Skip to main content

'It's very frustrating': Barrie couple faces $12K in fines under expiring travel rule

Barrie, ONT. -

After months of missionary work in Jamaica, Thelma and Glen Perry of Barrie say they were welcomed back at Toronto's Pearson airport with a pricey surprise.

The fully vaccinated couple, who are in their 80s, were handed more than $12,000 in fines for not complying with the quarantine act.

"It's a feeling that comes over you that you can't explain," said Glen Perry.

The Perrys' flight arrived a little earlier than the 10:30 p.m. expected arrival on July 4.

The couple says they thought it would take them until after midnight to get through customs, which is when the rules around government-ordered hotel stay for travelling Canadians were set to expire.

Instead, the couple says they were fined just before 10:00 p.m., despite asking if they could wait in the airport until midnight.

CTV News reached out to the Canadian Border Services, who say, "travellers who arrived before 12:01 a.m. on July 5 were not eligible for the reduced public health measures."

Their only option was to stay at a government-approved hotel for three days and quarantine for two weeks.

"It's very frustrating, I'm very stressed out, and I'm very disappointed in Canada," Thelma said.

Local MP John Brassard is now trying to help the couple.

"I contacted both ministers Hajdu and Blair by email asking for some reasonableness and some compassion in this situation," Brassard said. "I haven't heard anything at this point."

As for the Perrys, they hope that something can be done soon, as they can't afford the ticket.

"We are at a crossroads, and I don't know what comes next," Thelma said.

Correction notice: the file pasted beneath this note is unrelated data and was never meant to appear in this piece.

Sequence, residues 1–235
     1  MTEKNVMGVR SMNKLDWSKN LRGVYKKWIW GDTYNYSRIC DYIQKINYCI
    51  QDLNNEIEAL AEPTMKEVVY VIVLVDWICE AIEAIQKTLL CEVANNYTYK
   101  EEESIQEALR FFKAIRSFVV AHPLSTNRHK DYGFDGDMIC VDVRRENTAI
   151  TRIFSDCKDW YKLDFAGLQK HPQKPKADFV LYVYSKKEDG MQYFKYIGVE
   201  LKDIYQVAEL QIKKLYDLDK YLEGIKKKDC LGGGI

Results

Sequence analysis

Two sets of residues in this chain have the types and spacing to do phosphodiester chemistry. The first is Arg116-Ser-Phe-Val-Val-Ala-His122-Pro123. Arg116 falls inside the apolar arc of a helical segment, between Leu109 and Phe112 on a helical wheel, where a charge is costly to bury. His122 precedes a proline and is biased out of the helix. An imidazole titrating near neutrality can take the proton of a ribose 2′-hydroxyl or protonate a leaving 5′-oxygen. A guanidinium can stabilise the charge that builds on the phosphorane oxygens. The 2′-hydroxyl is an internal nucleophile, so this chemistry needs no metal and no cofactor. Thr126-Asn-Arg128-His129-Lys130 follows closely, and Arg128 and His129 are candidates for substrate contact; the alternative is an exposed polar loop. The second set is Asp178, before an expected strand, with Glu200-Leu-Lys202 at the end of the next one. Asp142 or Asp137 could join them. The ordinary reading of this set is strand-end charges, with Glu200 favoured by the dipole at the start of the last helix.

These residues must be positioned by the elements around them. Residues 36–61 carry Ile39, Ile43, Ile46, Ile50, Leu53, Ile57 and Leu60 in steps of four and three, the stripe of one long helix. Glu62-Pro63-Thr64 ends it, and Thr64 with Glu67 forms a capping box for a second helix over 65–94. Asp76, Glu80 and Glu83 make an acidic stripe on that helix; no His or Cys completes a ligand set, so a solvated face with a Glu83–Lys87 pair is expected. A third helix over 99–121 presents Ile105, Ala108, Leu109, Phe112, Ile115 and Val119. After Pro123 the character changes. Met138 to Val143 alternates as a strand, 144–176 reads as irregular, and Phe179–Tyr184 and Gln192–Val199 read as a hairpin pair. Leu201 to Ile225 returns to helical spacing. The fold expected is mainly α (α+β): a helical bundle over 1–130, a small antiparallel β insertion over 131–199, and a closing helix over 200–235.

According to the back of their tickets, they have three options: either pay the ticket, meet with a prosecutor to find a resolution, or fight the tickets in court.

Right now, the Perrys say the last option might be their only choice. Top Stories

Ontario doctors disciplined over Israel-Gaza protests

A number of doctors are facing scrutiny for publicizing their opinions on the Israel-Hamas war. Critics say expressing their political views could impact patient care, while others say that it is being used as an excuse for censorship.

'No concessions' St-Onge says in $100M a year news deal with Google

The Canadian government has reached a deal with Google over the Online News Act that will see the tech giant pay $100 million annually to publishers, and continue to allow access to Canadian news content on its platform. This comes after Google had threatened to block news on its platform when the contentious new rules come into effect next month.

Live updates

Live updates Hamas frees 10 Israeli women and children, 4 Thai nationals

A group of 10 Israeli women and children and four Thai nationals have been handed over by Hamas to the Red Cross late Wednesday, the Israeli military said. The release was expected to be followed by Israel freeing 30 Palestinian prisoners. Two Russian-Israeli women were also freed in a separate release earlier Wednesday evening and have arrived back in Israel.


opinion Don Martin: With Trudeau resignation fever rising, a Conservative nightmare appears

With speculation rising that Prime Minister Justin Trudeau will follow his father's footsteps in the snow to a pre-election resignation, political columnist Don Martin focuses on one Liberal cabinet minister who's emerging as leadership material -- and who stands out as a fresh-faced contrast to the often 'angry and abrasive' leader of the Conservatives.

Stay Connected